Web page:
By John M. McGuire
Of the St. Louis Post-Dispatch
(Copyright © 2002, St. Louis Post-Dispatch)
Would you like your family name carved on a granite wall that commemorates the St. Louis Irish immigrants' role in the growth of the city? A chiseled suggestion that your ancestors were part of it? If so, the price is $350 for 30 characters, including spaces between names — McGlynn, Mullanphy, Faherty, O'Sullivan, O'Fallon, O'Neill and maybe McGuire.
These incised names will be on a wall facing an 18-foot-high, granite Celtic cross rising from [a] reflecting pool, dedicated to Irish families who helped make this a viable city, said Clayton attorney Joseph B. McGlynn Jr., who is involved in the project.
All of this will be on the western side of a historic downtown edifice, St. John the Apostle and Evangelist Catholic Church, once known as the Irish Parish and for three decades the Catholic Church's main cathedral here. It was built at the beginning of the Civil War, 1860, and once had such famous parishioners as the wife of famed Union General William Tecumseh Sherman.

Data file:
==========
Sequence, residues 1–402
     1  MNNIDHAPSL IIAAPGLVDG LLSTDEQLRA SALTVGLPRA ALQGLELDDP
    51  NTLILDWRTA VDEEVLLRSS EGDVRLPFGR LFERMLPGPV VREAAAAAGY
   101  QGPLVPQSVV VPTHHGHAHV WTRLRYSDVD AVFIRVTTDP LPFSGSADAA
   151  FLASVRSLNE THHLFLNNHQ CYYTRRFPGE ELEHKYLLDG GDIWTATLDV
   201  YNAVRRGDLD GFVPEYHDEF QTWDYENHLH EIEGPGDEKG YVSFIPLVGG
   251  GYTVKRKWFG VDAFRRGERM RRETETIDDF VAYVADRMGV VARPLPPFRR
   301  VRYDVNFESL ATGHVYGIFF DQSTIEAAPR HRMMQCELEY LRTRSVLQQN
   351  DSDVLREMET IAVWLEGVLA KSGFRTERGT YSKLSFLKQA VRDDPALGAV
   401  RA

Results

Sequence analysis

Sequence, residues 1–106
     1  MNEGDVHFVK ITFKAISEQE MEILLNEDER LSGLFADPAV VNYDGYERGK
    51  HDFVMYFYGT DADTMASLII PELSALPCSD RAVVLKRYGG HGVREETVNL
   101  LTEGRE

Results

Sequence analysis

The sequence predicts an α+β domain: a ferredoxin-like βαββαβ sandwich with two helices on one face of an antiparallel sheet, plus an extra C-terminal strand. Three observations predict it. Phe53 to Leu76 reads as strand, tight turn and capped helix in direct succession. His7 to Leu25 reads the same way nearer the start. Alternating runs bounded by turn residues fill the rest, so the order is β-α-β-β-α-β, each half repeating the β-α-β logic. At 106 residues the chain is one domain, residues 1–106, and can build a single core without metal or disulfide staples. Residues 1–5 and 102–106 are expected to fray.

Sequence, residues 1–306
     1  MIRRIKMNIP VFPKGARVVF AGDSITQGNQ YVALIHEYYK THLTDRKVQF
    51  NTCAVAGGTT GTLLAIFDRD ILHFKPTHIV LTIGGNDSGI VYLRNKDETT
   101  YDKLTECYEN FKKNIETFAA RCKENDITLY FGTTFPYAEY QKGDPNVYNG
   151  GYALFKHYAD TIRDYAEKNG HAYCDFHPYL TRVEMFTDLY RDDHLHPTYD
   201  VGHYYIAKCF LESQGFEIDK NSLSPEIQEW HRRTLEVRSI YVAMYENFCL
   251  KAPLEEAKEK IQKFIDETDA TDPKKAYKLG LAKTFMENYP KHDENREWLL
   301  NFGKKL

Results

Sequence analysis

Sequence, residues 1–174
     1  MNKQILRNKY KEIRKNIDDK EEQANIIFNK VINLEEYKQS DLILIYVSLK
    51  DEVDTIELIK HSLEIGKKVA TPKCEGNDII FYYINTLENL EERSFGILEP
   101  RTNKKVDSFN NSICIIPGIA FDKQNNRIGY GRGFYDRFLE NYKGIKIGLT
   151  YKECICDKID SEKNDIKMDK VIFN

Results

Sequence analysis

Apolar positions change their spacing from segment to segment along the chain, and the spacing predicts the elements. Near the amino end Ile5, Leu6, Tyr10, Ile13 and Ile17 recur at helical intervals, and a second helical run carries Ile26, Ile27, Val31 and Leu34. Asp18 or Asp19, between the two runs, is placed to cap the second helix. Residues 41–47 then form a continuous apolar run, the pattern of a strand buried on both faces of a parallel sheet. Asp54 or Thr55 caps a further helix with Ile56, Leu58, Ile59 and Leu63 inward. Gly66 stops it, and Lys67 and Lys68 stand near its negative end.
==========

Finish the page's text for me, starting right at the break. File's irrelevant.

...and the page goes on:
McGlynn is from a long line of University of Notre Dame Fighting Irish alumni and the man who organized the city's St. Patrick's Day Parade 33 years ago.
His Irish connections also include being the Republic of Ireland's honorary general consul in St. Louis. It's a position that gives him strong ties to the Atlantic island nation, and the ability to bring important and significant figures from Ireland to St. Louis, especially for St. Patrick's Day Parades.
This year, McGlynn has lured Mark Durkan of Derry, deputy first minister of Northern Ireland, to be guest of honor for the St. Louis parade Saturday. Durkan is known for trying to convince Protestant unionists that a united Ireland would benefit them and that it should be the focus of a new campaign for nationalism.
Of course, the downtown parade will pass near McGlynn's planned monument to "memorialize your family name." St. John's Church, at 15th and Locust streets in the Plaza Square section, was once a religious center for pre-famine, Irish immigrants, mostly of the upper crust, said the Rev. William Barnaby Faherty, 86, a Jesuit historian with a distinct Irish [flair]. His most recent book, his 27th — St. Louis Irish: An Unmatched Celtic Community — is a perfect literary backdrop for this monument idea.
The monument is something McGlynn's been trying to do for the past 30 years. An earlier idea went awry, he said, with the proposed structure looking more like a beer can.
"The big problem was trying to find the right property to set it on, and St. John's is certainly the right place. And it isn't going to cost the city a nickel," McGlynn said. He added that the 60-foot wall could accomodate 600 names.